2018-05-31 / Outdoors

Northport students combine art, science aboard Inland Seas

By Eric Carlson
Of The Enterprise staff

NORTHPORT PUBLIC School art students and their teacher Jenny Evans, lower right, display the artworks they created during their first-of-its kind cruise in Suttons Bay aboard the school-ship Inland Seas last week.NORTHPORT PUBLIC School art students and their teacher Jenny Evans, lower right, display the artworks they created during their first-of-its kind cruise in Suttons Bay aboard the school-ship Inland Seas last week.
Inland Seas Education Association (ISEA) last week conducted its first-ever “student art cruise” amid its school-ship outings devoted mostly to science.

The special outing was the brainchild of Northport Public School art teacher Jenny Evans and Jeanie Williams, ISEA’s lead scientist and education coordinator.

“We’ve been planning to bring our passion for art and science together for the past two years,” Evans said. “It was such a magical day.”

Twenty Northport eighth through twelfth-grade art students participated in the three-and-a-half-hour cruise aboard the schooner Inland Seas last Wednesday, May 23. Each of the students was issued a nautical chart on which they sketched images of the 62-foot-long school-ship.


SETTING SAIL on Suttons Bay, an Inland Seas Education Association ship returns from a voyage on the water. Students participating in Inland Seas’ programs capture data used as a part of research collection about the health of our waters in Suttons Bay, Grand Traverse Bay and Lake Michigan. SETTING SAIL on Suttons Bay, an Inland Seas Education Association ship returns from a voyage on the water. Students participating in Inland Seas’ programs capture data used as a part of research collection about the health of our waters in Suttons Bay, Grand Traverse Bay and Lake Michigan. “We had some group projects, too,” said Northport senior Austin Huck. “One of the coolest things we did was create art using the motion of the school-ship itself — with a pendulum that painted patterns on fabric.”

Northport sophomore Hayden Gregg said he really enjoyed creating artwork on the cruise, but also benefited from ISEA’s usual focus on science.

“We got to look at plankton we collected through a microscope and drew pictures of that, too,” Gregg said. “I’d never done that before.”

SUTTONS BAY Art Festival board member Tom Woodruff, standing, a well-known Northport-based artist, oversees Northport Public School art students creating art below-decks aboard the school-ship Inland Seas during its cruise last week. Photo: Jenny EvansSUTTONS BAY Art Festival board member Tom Woodruff, standing, a well-known Northport-based artist, oversees Northport Public School art students creating art below-decks aboard the school-ship Inland Seas during its cruise last week. Photo: Jenny Evans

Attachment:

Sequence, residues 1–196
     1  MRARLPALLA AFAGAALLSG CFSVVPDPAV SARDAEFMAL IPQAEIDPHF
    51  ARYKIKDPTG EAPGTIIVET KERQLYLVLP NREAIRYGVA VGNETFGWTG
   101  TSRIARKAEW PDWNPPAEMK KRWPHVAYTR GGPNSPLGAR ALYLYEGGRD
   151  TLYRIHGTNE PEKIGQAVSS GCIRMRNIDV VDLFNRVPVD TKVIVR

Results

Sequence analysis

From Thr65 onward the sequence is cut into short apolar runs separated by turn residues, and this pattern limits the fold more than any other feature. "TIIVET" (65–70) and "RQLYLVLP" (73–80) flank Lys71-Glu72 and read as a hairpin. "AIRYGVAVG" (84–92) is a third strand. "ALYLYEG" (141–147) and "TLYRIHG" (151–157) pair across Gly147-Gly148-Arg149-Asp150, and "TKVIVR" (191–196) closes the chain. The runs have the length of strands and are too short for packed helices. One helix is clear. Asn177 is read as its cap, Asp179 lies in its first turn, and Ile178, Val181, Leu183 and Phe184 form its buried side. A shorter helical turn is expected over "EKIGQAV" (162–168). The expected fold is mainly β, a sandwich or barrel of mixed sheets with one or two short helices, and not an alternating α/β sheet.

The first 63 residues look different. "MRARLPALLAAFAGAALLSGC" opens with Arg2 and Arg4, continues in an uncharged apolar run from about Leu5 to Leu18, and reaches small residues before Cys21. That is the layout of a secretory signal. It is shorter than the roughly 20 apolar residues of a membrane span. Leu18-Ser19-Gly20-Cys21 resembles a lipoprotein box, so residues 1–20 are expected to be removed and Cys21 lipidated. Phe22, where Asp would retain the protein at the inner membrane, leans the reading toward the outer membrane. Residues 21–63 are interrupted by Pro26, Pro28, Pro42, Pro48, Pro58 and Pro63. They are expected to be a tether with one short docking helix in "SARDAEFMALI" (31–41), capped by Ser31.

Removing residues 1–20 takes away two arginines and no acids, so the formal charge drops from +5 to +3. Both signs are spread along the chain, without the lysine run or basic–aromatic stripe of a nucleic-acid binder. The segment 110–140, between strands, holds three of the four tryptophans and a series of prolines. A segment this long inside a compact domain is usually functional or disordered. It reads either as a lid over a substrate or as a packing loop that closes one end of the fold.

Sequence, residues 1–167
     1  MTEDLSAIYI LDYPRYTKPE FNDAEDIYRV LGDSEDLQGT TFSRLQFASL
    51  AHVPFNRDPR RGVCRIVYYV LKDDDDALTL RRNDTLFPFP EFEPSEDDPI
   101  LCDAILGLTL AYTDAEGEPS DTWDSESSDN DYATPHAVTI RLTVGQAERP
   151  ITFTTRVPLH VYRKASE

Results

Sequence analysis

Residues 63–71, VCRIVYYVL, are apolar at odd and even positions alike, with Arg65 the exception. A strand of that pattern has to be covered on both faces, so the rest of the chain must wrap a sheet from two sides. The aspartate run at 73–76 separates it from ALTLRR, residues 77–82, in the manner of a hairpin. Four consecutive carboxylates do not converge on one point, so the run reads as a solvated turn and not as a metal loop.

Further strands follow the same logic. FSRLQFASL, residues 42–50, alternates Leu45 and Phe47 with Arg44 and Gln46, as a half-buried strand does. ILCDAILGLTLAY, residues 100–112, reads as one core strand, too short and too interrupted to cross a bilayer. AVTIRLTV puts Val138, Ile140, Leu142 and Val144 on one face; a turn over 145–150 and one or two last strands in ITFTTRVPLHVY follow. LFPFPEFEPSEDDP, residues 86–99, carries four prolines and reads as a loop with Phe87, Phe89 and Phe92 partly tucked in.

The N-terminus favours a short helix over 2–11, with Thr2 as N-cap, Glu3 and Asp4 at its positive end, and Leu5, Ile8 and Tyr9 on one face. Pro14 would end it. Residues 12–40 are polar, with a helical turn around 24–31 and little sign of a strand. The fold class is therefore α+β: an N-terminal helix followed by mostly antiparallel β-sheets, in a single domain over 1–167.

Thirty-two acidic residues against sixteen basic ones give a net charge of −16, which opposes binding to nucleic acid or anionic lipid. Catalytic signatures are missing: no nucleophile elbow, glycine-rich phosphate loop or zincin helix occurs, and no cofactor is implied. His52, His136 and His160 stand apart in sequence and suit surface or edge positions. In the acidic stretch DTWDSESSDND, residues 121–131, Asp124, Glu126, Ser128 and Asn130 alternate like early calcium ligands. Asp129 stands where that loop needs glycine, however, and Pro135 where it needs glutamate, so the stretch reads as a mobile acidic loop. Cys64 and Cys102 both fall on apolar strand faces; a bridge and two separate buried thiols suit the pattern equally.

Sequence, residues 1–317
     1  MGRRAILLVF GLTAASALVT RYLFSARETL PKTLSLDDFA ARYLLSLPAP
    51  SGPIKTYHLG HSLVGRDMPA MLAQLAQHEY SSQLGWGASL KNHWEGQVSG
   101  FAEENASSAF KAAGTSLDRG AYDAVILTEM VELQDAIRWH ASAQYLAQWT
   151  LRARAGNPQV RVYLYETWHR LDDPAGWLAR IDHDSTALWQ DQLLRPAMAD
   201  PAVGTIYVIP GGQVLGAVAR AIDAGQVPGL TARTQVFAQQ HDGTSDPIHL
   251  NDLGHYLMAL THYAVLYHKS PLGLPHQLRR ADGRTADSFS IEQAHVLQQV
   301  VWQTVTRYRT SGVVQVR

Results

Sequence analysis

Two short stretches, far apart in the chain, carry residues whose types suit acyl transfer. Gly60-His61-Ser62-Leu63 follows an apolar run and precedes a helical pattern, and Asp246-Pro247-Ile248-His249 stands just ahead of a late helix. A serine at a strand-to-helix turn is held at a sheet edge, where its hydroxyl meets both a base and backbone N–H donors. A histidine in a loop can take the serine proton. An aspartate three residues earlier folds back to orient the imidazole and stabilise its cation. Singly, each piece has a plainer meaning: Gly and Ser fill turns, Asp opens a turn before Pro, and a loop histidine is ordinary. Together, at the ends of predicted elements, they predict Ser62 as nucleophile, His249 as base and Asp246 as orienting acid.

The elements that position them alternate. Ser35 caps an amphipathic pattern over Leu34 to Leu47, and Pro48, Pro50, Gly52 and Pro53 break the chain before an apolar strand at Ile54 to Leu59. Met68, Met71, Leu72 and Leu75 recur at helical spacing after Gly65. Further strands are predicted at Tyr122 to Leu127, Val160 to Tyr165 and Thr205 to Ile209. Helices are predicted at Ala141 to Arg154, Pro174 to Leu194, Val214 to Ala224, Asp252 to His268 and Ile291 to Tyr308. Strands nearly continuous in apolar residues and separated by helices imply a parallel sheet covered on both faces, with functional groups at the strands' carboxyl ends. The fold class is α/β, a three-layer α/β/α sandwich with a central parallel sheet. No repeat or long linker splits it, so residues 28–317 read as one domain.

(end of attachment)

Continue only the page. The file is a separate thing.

Eighth grader Lillian Brown had been aboard Inland Seas before, as had many of her schoolmates.

“The last time we came here it was all science,” Brown said, “but this time we combined art and science — and it was a completely different experience.”

The special cruise was sponsored by the Suttons Bay Art Festival, according to Lisa Sitkins, ISEA marketing and fund development consultant.

“Sponsoring a cruise on the school-ship was a little outside our usual mission,” said Suttons Bay Art Festival board member Donna Popke. “But when we heard what was being proposed — combining art with science aboard the Inland Seas – the art festival board was only too happy to donate $1,200 to underwrite this effort.”


VOLUNTEER CREWMEMBERS aboard the schooner Inland Seas prepare to dock the schoolship at its berth in Suttons Bay following a first-ever “art cruise” for local students. VOLUNTEER CREWMEMBERS aboard the schooner Inland Seas prepare to dock the schoolship at its berth in Suttons Bay following a first-ever “art cruise” for local students. “The trip was all on scholarship,” Evans said. “We were so lucky and fortunate to have been the recipients of it.”

Students also benefited from the participation of guest artist Tom Woodruff, a Northport resident best known for his children’s book illustrations and art workshops focusing on Great Lakes subjects. Woodruff is also a member of the Suttons Bay Art Festival board of directors.

Every fall and spring, hundreds of students from all over Michigan and the Midwest visit the Inland Seas Education Center in Suttons Bay and venture out onto the bay aboard the schoolship Inland Seas to learn about Great Lakes ecology, history and culture.

Founded in 1989, the non-profit organization is dedicated to educating people of all ages and fostering stewardship of the Great Lakes.

Return to top